Zoe heads out to the slave quarters to ask Dido for poison. Zoe calls Dido Mammy, and she puts on a mammy character as they argue. Eventually, Zoe takes the poison and runs off. Minnie comforts Dido and they look forward to their new lives on Captain Ratts’ boat.
Through Brechtian elements such as direct address, Jenkins explores "the idea that you could feel something and then be aware that you’re feeling it".
Jenkins researched Boucicault heavily while working on An Octoroon and found an unfinished essay at the New York Public Library saying that theatre is a place for dramatic illusion—the most believable illusion of suffering—and catharsis. Present in An Octoroon is the illusion of suffering and actual suffering.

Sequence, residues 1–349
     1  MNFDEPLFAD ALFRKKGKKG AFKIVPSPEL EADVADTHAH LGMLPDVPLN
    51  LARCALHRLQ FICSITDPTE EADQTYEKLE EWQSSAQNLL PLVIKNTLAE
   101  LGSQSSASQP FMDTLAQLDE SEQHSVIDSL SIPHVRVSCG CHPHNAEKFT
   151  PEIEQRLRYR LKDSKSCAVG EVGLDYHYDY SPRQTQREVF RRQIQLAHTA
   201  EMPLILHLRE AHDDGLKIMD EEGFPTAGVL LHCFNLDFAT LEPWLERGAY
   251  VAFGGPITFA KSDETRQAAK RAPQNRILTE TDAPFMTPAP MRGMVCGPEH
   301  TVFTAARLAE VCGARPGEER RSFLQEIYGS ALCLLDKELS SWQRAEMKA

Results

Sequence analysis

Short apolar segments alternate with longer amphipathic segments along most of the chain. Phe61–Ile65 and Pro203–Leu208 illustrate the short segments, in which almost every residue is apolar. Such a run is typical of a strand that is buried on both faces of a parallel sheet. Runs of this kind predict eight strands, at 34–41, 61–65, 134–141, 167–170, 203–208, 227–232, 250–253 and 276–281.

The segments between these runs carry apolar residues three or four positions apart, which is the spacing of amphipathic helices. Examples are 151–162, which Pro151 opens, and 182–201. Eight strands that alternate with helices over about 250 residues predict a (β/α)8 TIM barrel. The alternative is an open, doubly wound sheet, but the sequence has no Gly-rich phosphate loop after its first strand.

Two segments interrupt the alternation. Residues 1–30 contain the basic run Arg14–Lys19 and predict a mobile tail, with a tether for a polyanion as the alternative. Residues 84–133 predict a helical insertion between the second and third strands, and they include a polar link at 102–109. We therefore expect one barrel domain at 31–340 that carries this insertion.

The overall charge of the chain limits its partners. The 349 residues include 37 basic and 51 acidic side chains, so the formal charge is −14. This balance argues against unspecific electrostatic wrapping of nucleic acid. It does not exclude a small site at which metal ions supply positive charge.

Jenkins also cites Peter Brooks' The Melodramatic Imagination as an inspiration for his approach to melodrama. Brooks' idea is that melodrama is about binaries and opposites, where there is always good and bad with no gray area. This led Jenkins to see doubles and pairs in Boucicault's play, through relationships between characters e.g. Paul is Pete's grandfather. Boucicault portrayed Wahnotee, and in his play Jenkins explores the connection between a person and their identity as artist. Jenkins looks at the consequences of putting oneself onstage in their own work, if it is a real self or a fake self, which Jenkins embodied himself in the roles of Br'er Rabbit and Captain Ratts.